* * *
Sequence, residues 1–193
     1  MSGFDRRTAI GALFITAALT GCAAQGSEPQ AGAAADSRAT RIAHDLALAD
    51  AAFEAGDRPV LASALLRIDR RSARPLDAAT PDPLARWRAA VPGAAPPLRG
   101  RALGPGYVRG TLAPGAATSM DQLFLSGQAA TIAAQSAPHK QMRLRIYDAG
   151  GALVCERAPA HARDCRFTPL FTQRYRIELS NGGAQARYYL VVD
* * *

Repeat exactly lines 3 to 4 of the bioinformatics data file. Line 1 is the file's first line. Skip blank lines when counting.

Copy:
    51  AAFEAGDRPV LASALLRIDR RSARPLDAAT PDPLARWRAA VPGAAPPLRG
   101  RALGPGYVRG TLAPGAATSM DQLFLSGQAA TIAAQSAPHK QMRLRIYDAG